The risks for death and hospitalization are higher among patients with nondialysis-dependent chronic kidney disease (CKD) than among patients with nonmetastatic solid cancers, a new Canadian study finds.

Using a population-based database from Alberta, Canada, investigators identified 51,159 adults with advanced CKD who did not receive dialysis or kidney transplantation (estimated glomerular filtration rate less than 30 mL/min/1.73 m2 or albumin-to-creatinine ratio exceeding 220 mg/mmol or protein-to-creatinine ratio exceeding 350 mg/mmol). The comparator groups were diagnosed with 1 of the 10 leading solid cancers, including tumors of the prostate, bladder, kidney, lung, breast, colon or rectum, thyroid, uterus, pancreas, or mouth. A total of 115,504 patients had nonmetastatic cancer and 33,831 had metastatic cancer.

As expected, mortality, hospitalization, and long-term care rates were highest for patients with metastatic cancer. CKD, however, was associated with worse outcomes compared with nonmetastatic cancer over 5 years, corresponding author Marcello Tonelli, MD, SM, MSc, of the University of Calgary in Alberta, and colleagues reported in JAMA Network Open.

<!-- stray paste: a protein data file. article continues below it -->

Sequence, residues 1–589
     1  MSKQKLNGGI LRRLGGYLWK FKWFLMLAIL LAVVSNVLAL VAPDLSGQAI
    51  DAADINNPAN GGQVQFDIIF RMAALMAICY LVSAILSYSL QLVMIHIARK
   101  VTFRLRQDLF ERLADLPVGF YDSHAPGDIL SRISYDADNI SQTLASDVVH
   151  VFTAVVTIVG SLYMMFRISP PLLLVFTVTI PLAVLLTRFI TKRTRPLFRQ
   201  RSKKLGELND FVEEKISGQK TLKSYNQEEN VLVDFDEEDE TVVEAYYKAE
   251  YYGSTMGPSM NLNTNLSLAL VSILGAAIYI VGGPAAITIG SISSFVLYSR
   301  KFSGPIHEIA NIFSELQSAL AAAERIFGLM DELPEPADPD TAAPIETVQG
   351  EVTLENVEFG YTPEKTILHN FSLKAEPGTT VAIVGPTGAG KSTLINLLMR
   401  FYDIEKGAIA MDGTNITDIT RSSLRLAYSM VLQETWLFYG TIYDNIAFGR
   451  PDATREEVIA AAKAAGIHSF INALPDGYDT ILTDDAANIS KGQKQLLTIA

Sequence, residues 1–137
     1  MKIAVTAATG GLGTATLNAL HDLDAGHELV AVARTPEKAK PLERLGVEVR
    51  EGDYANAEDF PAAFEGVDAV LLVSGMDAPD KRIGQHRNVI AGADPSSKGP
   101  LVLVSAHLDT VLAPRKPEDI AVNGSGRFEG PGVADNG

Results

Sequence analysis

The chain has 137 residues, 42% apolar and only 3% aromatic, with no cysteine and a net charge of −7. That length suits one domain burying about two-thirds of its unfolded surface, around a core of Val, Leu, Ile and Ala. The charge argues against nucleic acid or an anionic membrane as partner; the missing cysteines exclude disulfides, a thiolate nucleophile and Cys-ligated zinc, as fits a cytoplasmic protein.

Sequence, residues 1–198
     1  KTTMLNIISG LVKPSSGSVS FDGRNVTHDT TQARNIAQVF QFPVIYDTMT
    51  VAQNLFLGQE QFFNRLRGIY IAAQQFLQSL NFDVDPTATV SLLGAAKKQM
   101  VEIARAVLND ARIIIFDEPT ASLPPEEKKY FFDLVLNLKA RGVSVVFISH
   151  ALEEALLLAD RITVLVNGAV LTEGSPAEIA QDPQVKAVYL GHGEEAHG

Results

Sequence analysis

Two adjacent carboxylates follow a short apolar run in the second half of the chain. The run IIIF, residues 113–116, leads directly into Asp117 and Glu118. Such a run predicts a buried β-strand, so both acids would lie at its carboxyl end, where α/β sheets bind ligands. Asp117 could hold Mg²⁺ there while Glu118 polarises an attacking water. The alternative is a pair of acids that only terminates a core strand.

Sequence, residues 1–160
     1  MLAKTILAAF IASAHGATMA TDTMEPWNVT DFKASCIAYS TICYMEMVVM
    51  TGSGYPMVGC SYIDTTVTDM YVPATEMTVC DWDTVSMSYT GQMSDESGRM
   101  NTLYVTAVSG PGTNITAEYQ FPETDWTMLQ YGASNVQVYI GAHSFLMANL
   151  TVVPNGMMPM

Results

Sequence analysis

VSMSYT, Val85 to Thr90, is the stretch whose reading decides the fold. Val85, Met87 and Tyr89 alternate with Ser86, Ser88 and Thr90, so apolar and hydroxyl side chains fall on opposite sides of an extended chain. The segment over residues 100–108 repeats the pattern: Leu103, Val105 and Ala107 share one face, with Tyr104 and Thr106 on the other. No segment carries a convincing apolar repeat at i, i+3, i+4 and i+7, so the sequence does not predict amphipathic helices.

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The 1-year survival rate was 83.3% with CKD, 91.2% with nonmetastatic cancer, and 52.8% with metastatic cancer. Within 5 years, survival had declined to 54.6% with CKD, 76.6% with nonmetastatic cancer, and 33.9% with metastatic cancer.

Death risk at 1 year was comparable between the CKD and nonmetastatic cancer cohorts, but at years 1 to 5 it was a significant 23% higher with CKD, the investigators reported. The top cause of death was cardiovascular disease in the CKD cohort and neoplasm in the cancer cohorts.

From years 1 to 5, the adjusted relative rate of hospitalization, length of hospital stay, and long-term care placement were a significant 55%, 65%, and 36% higher, respectively, among patients with CKD than for those with nonmetastatic cancer, Dr Tonelli and colleagues reported. The investigators adjusted all analyses for sex, age, and comorbidities.

“Overall, our findings indicate that the clinical need of patients with CKD is substantial and, arguably, similar to that of patients with cancer,” Dr Tonelli’s team stated. “The data presented here may be useful for advocacy efforts that seek to raise awareness about the public health importance of CKD. If such advocacy can be used to strengthen investment in the kidney research agenda, perhaps this would facilitate more rapid progress toward better outcomes for patients with CKD, including better management of CKD-associated comorbidity.”


Tonelli M, Lloyd A, Cheung WY, et al. Mortality and resource use among individuals with chronic kidney disease or cancer in Alberta, Canada, 2004-2015. JAMA Netw Open. Published online January 26, 2022. doi:10.1001/jamanetworkopen.2021.44713